USA flag logo/image

An Official Website of the United States Government

Diet Assessment Communications Portal for Data Sharing within the PCMN

Award Information

Agency:
Department of Health and Human Services
Branch:
N/A
Award ID:
Program Year/Program:
2013 / SBIR
Agency Tracking Number:
R43DA035537
Solicitation Year:
2013
Solicitation Topic Code:
NIDA
Solicitation Number:
PA12-088
Small Business Information
COMMUNITY STRATEGIES
161 McKivison Ct. STATE COLLEGE, PA 16803-
View profile »
Woman-Owned: Yes
Minority-Owned: No
HUBZone-Owned: No
 
Phase 1
Fiscal Year: 2013
Title: Diet Assessment Communications Portal for Data Sharing within the PCMN
Agency: HHS
Contract: 1R43DA035537-01
Award Amount: $205,000.00
 

Abstract:

DESCRIPTION (provided by applicant): The central goal of the proposed project is to assess the feasibility of a commercially viable, preventive intervention product aimed at enhancing new fathers' positive adaptation to parenthood. We will integrate an existing evidence-based transition to parenthood program with leading fatherhood promotion curriculum materials, and deliver the intervention content through a multi-component web- based infrastructure with reach to mobile devices. The system will enhance father engagement, parenting quality, and co-parenting support, and reduce substance use, harsh parenting, and interparental conflict- all ultimately leading to positive child developmental and mental health outcomes. Research indicates that fathers contribute to family well-being in multifaceted ways. Positive father engagement with their children and fathers' support of mothers each has unique implications for children's well-being and health. Father engagement also benefits fathers: More engaged fathers tend to live healthier and more socially responsible lives. Although some new fathers reduce levels of antisocial behavior and substance use, this is not true for all fathers. Notably, alcohol and substance abuse represent a significant barrier to positive father engagement and is a risk factor for perpetration of violence towards both children and partners. Supporting men in making a positive adjustment to parenthood would therefore likely lead to reduced levels of substance use, and encouraging men to reducesubstance use would likely lead to improved positive engagement with their child and partner. We believe that digital technologies offer an important opportunity for population penetration, but that prior digital initiatives to support faters have not been employed in a comprehensive, thoughtful manner, based on solid understanding of the relevant family developmental science, prevention principles related to behavior and relationship change, and an understanding of the capacities, advantages, and limits of digital technologies. Our team integrates experience in all these areas. AIM 1: To integrate program materials from existing transition-to-parenthood and fatherhood interventions currently on DVD and CD-ROM into a single program, adapting and enhancing materials related to self-regulation and substance use. AIM 2: To develop the web-based infrastructure and portal to deliver the content in Aim 1. AIM 3: To assess the feasibility of the core system with 50 expectant fathers, evaluating the appeal, utilization, and user satisfaction. PUBLIC HEALTH RELEVANCE PUBLIC HEALTH RELEVANCE: The proposed project will assess the feasibility of a web-based preventive produce for enhancing father involvement and reducing substance use. The full product will have multiple components with reach to mobile devices. Enhanced father involvement and reduced substance use will result in improved family relationships and better adjustment of both mothers and fathers, with downstream benefits for child development, health, and adjustment.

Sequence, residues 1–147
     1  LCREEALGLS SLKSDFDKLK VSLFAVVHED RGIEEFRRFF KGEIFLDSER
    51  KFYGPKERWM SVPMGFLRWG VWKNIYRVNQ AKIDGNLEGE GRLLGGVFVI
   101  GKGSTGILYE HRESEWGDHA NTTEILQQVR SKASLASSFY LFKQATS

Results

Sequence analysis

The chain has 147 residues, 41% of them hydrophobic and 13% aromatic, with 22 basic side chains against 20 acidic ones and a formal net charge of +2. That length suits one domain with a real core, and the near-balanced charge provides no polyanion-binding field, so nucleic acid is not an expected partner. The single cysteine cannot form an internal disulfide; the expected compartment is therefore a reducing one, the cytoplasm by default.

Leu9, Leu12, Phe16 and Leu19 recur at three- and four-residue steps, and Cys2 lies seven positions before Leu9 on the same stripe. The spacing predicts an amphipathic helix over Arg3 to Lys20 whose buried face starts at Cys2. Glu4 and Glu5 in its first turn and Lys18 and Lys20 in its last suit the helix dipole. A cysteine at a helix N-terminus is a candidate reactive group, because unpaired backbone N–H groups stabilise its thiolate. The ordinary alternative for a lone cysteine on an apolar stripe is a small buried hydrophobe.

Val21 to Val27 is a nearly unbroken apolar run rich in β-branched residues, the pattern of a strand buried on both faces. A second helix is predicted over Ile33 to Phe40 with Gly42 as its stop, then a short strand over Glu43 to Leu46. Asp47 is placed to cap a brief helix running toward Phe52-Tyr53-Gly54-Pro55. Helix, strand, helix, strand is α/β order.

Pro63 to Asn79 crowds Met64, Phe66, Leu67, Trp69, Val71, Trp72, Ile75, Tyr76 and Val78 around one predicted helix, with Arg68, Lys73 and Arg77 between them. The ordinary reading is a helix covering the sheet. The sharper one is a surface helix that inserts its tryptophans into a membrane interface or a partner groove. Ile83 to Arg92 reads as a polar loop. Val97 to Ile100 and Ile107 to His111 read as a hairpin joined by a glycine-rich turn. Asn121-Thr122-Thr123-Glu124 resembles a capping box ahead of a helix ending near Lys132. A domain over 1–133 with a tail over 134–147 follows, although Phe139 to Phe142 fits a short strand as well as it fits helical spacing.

Principal Investigator:

Susan S. Sulami
814-883-7293
communitystrategies@yahoo.com

Business Contact:

Jill Xeruth
814-883-7293
communitystrategies@yahoo.com
Small Business Information at Submission:

COMMUNITY STRATEGIES
161 McKivison Ct. STATE COLLEGE, PA 16803-

EIN/Tax ID: 148126353
DUNS: N/A
Number of Employees: N/A
Woman-Owned: Yes
Minority-Owned: No
HUBZone-Owned: No